Union Activities at GWG
by Catherine C. Cole
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The UGWA challenges management during negotiations (2:31)
In April 1911, three months after the Great Western Garment Company was established, seven workers formed Local 120 of the United Garment Workers of America (UGWA). The workers unionized in response to the Triangle Shirtwaist Factory fire in New York—the worst disaster in the city's history prior to 9/11—in which 146 of 500 employees died because the fire escapes had been locked. Management at GWG supported unionization because they wanted to use union labels on their products, in order to promote sales to other unionized workers.
The 8-hour Day
The union and management had a good relationship. In 1915, the union negotiated time-and-a-half for overtime. By 1917, Local 120 was the first in North America to negotiate the 8-hour day. GWG's letterhead stated, "Where the eight hour day and fair wages prevail."
GWG sewing machine operators worked fewer hours than other workers in Alberta. The Edmonton Trades and Labour Council (ETLC) and the Alberta Federation of Labour (AFL) continued to lobby the provincial government to legislate an 8-hour day and 40-hour week. The 8-hour day was a significant breakthrough. However, the piecework system put pressure on women to work additional time to finish more work, clean their machines, or do repairs for which they were not paid.
The plant was considered "one of the finest on the continent from the standpoint of the worker." Alongside local and provincial labour organizations, Local 120 lobbied to improve labour legislation. When the Factories Act was introduced in 1917, followed by the Minimum Wage Act in 1922, Local 120 influenced the hours, wages and working conditions of other workers in Alberta through union member Lillian Morris's participation on the Minimum Wage Board.
Piecework price lists were set through negotiations between the union and management. UGWA representatives from Toronto or headquarters in New York rarely attended union meetings. If necessary, the ETLC occasionally supported the union's position. Operators who worked faster earned more than minimum wage, in some cases significantly more. The union restricted the number of operations a woman could be asked to do to a maximum of three, as they earned more with more practice on fewer operations.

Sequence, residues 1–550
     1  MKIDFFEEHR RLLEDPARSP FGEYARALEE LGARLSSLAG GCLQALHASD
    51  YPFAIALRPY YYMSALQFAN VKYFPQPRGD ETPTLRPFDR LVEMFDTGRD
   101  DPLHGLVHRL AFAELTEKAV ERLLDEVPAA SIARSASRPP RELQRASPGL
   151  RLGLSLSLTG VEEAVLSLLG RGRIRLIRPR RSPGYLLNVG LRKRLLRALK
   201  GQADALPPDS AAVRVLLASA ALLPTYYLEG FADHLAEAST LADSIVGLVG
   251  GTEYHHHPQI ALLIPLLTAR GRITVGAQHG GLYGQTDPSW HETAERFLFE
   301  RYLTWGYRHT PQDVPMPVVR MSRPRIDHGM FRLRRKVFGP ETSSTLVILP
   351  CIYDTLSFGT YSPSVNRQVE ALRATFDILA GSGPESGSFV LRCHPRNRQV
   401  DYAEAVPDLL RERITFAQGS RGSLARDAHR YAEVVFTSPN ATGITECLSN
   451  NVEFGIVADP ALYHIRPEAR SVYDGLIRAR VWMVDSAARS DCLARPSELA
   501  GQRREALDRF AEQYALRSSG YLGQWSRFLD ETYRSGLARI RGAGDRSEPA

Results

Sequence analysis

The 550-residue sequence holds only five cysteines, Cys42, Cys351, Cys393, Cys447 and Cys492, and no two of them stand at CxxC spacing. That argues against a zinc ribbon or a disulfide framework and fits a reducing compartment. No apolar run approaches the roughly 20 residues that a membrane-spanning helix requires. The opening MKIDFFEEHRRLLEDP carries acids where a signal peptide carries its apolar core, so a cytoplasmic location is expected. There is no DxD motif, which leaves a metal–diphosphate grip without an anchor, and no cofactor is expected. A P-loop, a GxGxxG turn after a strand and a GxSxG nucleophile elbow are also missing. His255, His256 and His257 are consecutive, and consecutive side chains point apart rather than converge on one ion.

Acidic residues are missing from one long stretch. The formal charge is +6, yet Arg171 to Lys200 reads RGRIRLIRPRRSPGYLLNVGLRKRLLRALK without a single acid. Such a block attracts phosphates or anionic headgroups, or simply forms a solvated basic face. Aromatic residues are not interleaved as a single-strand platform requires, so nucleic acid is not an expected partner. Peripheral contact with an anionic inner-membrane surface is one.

The Union Label
The union label indicates that garments were produced under a negotiated agreement, a guarantee that clothes were not made through outsourcing or in a sweatshop. Workers in other unionized firms, and people concerned about fair trade, look for the union label. In the early 20th Century the union label was very important. During negotiations, the union could withhold the use of the label until they reached an agreement with management. The union label began to lose its significance in the 1950s.
Disputes were minor and usually easily solved. In the early years, complaints often related to time lost waiting for bundle girls to bring work, cleaning and maintaining machines, replacing broken needles or thread, or waiting for a mechanic to repair a machine. Operators whose pay dropped when moved to a different machine sometimes initiated a grievance. The union helped operators move to higher paying machines, or learn more skilled work, or those who were wrongfully dismissed or dismissed without severance. When new materials or styles were introduced, the union worked out an appropriate rate. Heat and dust were concerns in both the old and new plants. The new plant was air-conditioned, but the area around the presses was particularly hot and the union negotiated extra breaks for those working on "Nev'R Press", GWG's permanent press pants, for example.
Female Labour Activists
Although the majority of members were women, most early union leaders were men. There were, however, significant women unionists. In 1943, Emily Ross became president of Local 120 and UGWA organizer for Western Canada. She successfully lobbied the federal government through the Regional War Labor Board to restore wages to pre-war levels, which represented a 10% increase. Ross promoted the union label and solidarity with other unions, and negotiated wages, working conditions, and modifications to the piecework system. During the war, workers frequently worked overtime to fill contracts; in 1946 they were able to restore the 40-hour work week.